Jim Henson created the Muppets in the mid-1950s, and they gradually made their way to success, gaining widespread recognition on Sesame Street, but also making frequent appearances on the first season of Saturday Night Live. Their apotheosis occurred in the late 1970s with The Muppet Show, a bizarre faux variety show that saw everyone from Bob Hope to Alice Cooper guest-star1. It led to a very successful Muppet Movie.
Several lesser films followed, along with music, other series, and merchandise.
They've been out of the limelight since 19992. This 2011 film gives them another shot at fame. It's not perfect, but it has been made by people who understand why the Muppets succeeded in the first place.
Directed by James Bobin
Written by Jason Segel and Nicholas Stroller
Jason Segel as Gary
Amy Adams as Mary
Peter Linz as Walter
Chris Cooper as Tex Richman
Steve Whitmire as Kermit / Beaker / Statler / Rizzo / Link Hogthrob / The Newsman
Eric Jacobson as Miss Piggy / Fozzie Bear / Animal / Sam Eagle / Marvin Suggs
Dave Goelz as Gonzo / Dr. Bunsen Honeydew / Zoot / Beauregard / Waldorf / Kermit Moopet
Bill Barretta as Swedish Chef / Rowlf / Dr. Teeth / Pepe the Prawn / Bobo / Fozzie Moopet
David Rudman as Scooter / Janice / Miss Poogy
Matt Vogel as Sgt. Floyd Pepper / Camilla / Sweetums / 80′s Robot / Lew Zealand / Uncle Deadly / Crazy Harry
Rashida Jones as Veronica Martin
Jack Black as himself
A tonne of celebrities as a tonne of cameos.
When three small towners uncover a plot to destroy the Muppets’ old theatre and replace the retired troupe with "edgey" contemporary namesakes, they get Kermit and the gang together to stand for Muppetry.
How did Henson and company do it? The Muppets combined two things that were hopelessly out of date—-puppets and vaudeville— told dumb jokes, engaged in silly slapstick, and somehow out-hipped the hipsters.
In any case, the new creative team has repeated that success. They understood that changing the essential core Muppetness of the characters wouldn't work. Kermit, Piggy, Gonzo, and the others continue to engage in the old shtick, vaudeville by puppets filtered through someone's hallucinations. Getting the old act together, begging the network for another chance, and, of course, putting on a show, they get laughs far more often than they should.
Take Fozzie the Bear. He has always told bad jokes. Everyone around him trips over themselves to highlight that his jokes are, in fact, not especially funny. Somehow, this manages to be funny. It's still funny. In this film, he even redeems that bane of contemporary kiddie movies, the fart joke. Trust me on this. They have allowed themselves one fart joke, and Fozzie makes it funny.
The Muppets, of course, inhabit a universe somewhere between us and the Loony Tunes. They eat plot logic for breakfast. Things happen because they're funny, not because they're believable. If elementary physics or realistic story-telling gets sacrificed, so much the better. Walter, for example, a Muppet, is brother to Gary, a human being. No one in the film finds this especially odd. Then again, it doesn't bother anyone that Kermit is a frog, or that a fashion magazine has hired a pig as an editor. Characters call attention to tired film conventions; heck, they use tired film conventions to their advantage-- traveling, for example, by dotted line on map to save time. Felt creations can get away with anything. And, while their humor contains a certain comic irreverence, they stop short of being offensive (Jack Black makes one borderline crude crack, and it feels out of place). The Muppets remain earnest in their ridiculousness.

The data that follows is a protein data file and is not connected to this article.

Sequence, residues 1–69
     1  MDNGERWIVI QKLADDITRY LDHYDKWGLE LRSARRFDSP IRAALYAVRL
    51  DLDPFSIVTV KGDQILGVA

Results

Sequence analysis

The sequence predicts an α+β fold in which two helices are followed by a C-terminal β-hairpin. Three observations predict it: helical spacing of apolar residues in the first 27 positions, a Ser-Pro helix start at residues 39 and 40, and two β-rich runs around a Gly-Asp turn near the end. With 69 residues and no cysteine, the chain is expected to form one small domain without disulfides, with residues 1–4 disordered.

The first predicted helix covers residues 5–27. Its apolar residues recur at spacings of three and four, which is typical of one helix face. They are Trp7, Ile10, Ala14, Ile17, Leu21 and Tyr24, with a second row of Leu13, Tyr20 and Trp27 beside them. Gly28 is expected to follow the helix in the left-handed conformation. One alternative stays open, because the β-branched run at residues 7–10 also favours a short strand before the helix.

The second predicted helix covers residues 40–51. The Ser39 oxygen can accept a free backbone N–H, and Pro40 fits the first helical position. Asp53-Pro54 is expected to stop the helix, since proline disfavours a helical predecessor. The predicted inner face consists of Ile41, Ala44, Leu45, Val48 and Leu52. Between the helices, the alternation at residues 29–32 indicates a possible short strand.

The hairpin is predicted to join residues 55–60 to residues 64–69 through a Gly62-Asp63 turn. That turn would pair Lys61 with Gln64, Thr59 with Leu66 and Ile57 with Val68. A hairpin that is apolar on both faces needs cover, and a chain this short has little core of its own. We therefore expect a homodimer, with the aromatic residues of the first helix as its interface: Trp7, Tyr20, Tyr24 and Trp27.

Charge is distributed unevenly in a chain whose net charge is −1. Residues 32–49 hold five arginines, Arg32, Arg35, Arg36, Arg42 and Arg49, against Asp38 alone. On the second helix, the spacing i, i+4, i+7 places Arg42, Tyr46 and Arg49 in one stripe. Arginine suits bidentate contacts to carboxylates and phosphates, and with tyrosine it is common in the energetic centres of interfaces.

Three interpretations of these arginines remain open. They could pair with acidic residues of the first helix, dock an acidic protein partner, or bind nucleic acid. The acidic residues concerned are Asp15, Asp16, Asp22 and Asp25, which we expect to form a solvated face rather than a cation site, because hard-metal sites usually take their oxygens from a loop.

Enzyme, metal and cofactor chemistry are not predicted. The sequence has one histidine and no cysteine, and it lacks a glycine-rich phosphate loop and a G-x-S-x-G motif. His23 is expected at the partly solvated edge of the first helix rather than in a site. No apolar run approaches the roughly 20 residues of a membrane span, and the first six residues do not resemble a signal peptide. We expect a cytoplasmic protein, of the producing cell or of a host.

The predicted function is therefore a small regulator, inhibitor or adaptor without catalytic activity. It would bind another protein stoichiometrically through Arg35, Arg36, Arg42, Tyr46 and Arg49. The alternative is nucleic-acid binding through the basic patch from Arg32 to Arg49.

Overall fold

In case we miss the point about keeping the characters basically clean (if cartoon-violent) and silly, we get a subplot (less developed than it should be) about the villain's replacements for the Muppets. Called the "Moopets," their forced edginess and "street" trendiness parody what lesser talents would have done with the franchise.3
The Muppets entertains, but it's very much pop culture, and transitory. For example, Jim Parson's cameo appearance gets laughs, much of them from the actor's performance—but quite a few simply because he is Jim Parsons, echoing (though not slavishly imitating) his Big Bang character.
The film ends with, essentially, an in-joke.
So what? The kids will love the slapstick and shenanigans. Old fans will recall why they liked the Muppets in the first place. The film breaks no new ground (and breaks into one too many musical numbers), but it's an enjoyable family movie, and I laughed out loud a number of times.
And, of course, Kermit reprises "The Rainbow Connection." You are not allowed to be cynical when Kermit sings "The Rainbow Connection."
1. Not to mention John Cleese, Debbie Harry, Johnny Cash, Christopher Reeve, Spike Milligan, Lena Horne, Mummenschanz, Sylvester Stallone....
2. Yes, they had two made-for-television, straight-to-DVD releases in the early 2000s. Hands up if you saw either.
3. Kermit dresses hip in one scene. He wanders Paris in the absurdly out-of-date look of a mid-twentieth century Left Bank bohemian. This looks even funnier than it sounds.